Sarajevo, 23 November 2000 (RFE/RL) -- The foreign ministers of Bosnia and Yugoslavia met in Sarajevo yesterday and recognized the territorial integrity of each other's country. They pledged to work for the establishment of diplomatic relations between the two neighbors within 15 days.
The landmark meeting came one day after the fifth anniversary of the conclusion of the Dayton peace talks that ended four-and-a-half years of fighting in Bosnia-Herzegovina.
Yugoslavia's new President Vojislav Kostunica made a brief, unofficial visit to Bosnia last month.
Eight years ago, it was Bosnian-Serb and Yugoslav opposition to the establishment of an independent Bosnian state encompassing all of the territory of the former Yugoslav republic of Bosnia-Herzegovina that touched off four years of fighting. Eventually, the war killed nearly 200,000 and displaced some two million people.
Yugoslavia's recently appointed Foreign Minister Goran Svilanovic told reporters that he and his Bosnian counterpart, Jadranko Prlic, had discussed the need for a bilateral treaty on the return of refugees. He says they also talked about the possible reopening of rail connections between Yugoslavia and Bosnia, and cooperation with the United Nations war crimes tribunal at The Hague.
Svilanovic -- who is a Kosovo Serb by origin -- said the people of Yugoslavia, like the people of Bosnia, have been through very difficult years of war.
"I can express personal regret for the suffering that the people of Bosnia-Herzegovina -- members of the Bosnian, Croat, and Serb peoples -- were exposed to. [The suffering] certainly left serious marks in the lives of the majority of inhabitants who went through this period and who experienced great loss. They lost their nearest and dearest, their enthusiasm and their hometowns, and had to leave."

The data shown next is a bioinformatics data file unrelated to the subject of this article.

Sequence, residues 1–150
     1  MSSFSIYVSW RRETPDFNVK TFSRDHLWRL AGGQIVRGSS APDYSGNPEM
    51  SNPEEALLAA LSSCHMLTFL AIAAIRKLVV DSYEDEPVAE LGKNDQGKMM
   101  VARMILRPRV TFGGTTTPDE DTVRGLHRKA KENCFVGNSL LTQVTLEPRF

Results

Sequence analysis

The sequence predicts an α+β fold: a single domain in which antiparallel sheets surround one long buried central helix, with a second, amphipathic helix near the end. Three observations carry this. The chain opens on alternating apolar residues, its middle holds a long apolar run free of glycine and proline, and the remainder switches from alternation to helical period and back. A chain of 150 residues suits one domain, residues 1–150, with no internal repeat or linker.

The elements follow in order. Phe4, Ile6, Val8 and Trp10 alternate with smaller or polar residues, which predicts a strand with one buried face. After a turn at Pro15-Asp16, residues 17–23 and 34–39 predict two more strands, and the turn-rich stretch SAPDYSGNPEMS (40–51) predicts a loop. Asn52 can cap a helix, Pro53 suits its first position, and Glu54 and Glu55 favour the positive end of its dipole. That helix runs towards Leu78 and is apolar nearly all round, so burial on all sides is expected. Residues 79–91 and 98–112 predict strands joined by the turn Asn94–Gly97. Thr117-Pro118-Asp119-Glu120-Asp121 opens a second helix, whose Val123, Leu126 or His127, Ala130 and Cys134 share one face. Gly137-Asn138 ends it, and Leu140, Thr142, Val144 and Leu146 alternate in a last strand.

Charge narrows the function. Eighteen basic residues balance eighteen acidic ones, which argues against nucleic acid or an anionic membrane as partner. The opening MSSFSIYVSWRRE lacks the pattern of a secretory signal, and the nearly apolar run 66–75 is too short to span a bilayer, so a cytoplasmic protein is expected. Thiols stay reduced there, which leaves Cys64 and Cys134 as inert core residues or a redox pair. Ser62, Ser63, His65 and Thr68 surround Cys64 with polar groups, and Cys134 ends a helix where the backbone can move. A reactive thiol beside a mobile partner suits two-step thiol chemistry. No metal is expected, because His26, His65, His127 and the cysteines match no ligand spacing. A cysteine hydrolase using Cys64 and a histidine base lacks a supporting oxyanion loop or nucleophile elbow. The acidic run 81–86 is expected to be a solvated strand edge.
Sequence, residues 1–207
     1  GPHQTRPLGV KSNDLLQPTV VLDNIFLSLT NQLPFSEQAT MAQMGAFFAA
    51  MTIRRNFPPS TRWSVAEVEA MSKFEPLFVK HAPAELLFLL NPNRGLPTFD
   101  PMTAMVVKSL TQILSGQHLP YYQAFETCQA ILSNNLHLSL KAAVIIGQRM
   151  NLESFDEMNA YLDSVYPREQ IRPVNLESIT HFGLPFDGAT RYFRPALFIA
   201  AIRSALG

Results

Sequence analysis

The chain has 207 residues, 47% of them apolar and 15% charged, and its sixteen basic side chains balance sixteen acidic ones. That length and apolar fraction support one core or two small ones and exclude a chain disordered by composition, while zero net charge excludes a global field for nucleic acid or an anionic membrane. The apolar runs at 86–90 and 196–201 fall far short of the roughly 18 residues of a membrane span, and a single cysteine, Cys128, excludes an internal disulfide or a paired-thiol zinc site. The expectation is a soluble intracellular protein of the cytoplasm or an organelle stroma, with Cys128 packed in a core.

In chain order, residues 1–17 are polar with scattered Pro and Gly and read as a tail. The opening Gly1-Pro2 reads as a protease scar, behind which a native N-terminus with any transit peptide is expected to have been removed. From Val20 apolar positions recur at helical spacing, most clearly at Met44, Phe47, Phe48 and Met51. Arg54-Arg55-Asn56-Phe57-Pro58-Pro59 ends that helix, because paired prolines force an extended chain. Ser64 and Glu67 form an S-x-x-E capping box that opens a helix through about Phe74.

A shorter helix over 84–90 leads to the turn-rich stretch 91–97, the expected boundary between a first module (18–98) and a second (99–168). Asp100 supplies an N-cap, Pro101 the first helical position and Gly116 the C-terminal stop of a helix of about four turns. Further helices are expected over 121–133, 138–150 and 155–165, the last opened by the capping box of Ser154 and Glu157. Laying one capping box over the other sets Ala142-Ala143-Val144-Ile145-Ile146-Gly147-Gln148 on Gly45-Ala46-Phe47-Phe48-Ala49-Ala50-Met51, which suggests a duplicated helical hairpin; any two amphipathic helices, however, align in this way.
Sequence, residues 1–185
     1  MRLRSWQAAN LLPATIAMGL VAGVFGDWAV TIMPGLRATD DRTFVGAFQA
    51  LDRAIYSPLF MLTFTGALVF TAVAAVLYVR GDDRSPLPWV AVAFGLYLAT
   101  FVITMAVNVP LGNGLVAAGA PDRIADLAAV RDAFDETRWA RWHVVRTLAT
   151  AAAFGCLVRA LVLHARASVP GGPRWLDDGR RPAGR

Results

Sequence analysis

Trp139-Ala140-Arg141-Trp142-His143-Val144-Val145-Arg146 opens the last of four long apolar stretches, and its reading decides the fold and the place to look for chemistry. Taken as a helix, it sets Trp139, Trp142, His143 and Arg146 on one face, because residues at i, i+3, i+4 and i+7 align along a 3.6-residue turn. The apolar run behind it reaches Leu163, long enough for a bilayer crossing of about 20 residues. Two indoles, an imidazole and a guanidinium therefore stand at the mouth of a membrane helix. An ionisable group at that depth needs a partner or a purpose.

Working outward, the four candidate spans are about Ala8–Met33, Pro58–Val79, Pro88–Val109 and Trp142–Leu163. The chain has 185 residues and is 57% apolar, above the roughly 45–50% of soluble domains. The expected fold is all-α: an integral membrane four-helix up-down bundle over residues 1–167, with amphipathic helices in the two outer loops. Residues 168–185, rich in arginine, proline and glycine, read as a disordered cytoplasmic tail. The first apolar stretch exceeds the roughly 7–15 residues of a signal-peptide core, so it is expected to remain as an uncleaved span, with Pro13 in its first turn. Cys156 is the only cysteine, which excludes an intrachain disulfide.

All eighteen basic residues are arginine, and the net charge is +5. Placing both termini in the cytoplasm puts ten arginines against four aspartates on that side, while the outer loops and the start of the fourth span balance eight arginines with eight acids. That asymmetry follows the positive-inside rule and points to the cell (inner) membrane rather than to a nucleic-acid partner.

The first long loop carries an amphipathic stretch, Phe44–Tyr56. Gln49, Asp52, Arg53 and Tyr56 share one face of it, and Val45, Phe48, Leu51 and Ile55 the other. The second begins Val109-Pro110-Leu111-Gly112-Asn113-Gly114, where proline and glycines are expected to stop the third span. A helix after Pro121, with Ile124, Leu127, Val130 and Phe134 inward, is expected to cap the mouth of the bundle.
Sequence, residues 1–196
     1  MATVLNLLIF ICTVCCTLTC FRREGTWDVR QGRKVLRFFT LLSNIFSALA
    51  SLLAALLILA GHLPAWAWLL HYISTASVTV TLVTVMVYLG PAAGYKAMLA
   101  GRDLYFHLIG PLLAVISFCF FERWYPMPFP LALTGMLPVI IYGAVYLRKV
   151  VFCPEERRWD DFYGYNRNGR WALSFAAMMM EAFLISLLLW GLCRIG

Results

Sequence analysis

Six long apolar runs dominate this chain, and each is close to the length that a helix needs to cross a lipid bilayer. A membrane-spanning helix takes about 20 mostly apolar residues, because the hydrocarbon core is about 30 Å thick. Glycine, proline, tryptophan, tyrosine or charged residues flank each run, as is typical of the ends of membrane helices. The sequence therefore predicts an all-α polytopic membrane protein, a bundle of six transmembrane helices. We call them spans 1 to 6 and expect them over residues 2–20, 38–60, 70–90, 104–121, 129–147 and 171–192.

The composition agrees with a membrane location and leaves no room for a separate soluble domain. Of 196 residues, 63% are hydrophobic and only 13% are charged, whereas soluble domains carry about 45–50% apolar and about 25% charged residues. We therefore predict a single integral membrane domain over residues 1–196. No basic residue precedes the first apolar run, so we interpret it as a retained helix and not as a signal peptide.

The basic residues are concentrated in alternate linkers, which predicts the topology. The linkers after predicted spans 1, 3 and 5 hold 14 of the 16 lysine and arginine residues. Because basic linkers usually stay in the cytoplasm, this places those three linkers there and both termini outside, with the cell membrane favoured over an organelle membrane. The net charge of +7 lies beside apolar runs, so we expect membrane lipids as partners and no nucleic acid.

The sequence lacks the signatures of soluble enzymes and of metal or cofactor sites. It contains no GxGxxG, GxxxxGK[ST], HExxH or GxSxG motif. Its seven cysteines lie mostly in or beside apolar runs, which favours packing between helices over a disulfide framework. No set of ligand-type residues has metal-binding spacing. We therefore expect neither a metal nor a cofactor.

The Yugoslav foreign minister added: "Some mistakes can never be corrected, some losses can never be made up for."
Bosnian Foreign Minister Prlic said the talks were friendly and open, and dealt within all issues affecting bilateral relations.
"I very rarely take the opportunity to say that something is of historic significance -- since this tends to be hard to swallow -- but I consider today's visit definitely opens a new phase in relations between Bosnia-Herzegovina and the Federal Republic of Yugoslavia."
Prlic, an ethnic Croat, said Bosnia's relations with Yugoslavia should be modeled on the what he called the "symmetry" of Bosnia's current ties with Croatia. That should include, he said, a trade agreement and a treaty allowing dual citizenship. He added that Croatia should be a party to an agreement between Bosnia and Yugoslavia on the return of refugees.
Prlic said relations between Bosnia and Yugoslavia will take into account what he described as the "special relationship" between the Bosnian Serb entity (Republica Srpska) and Yugoslavia. He said no limitations will be made on those ties.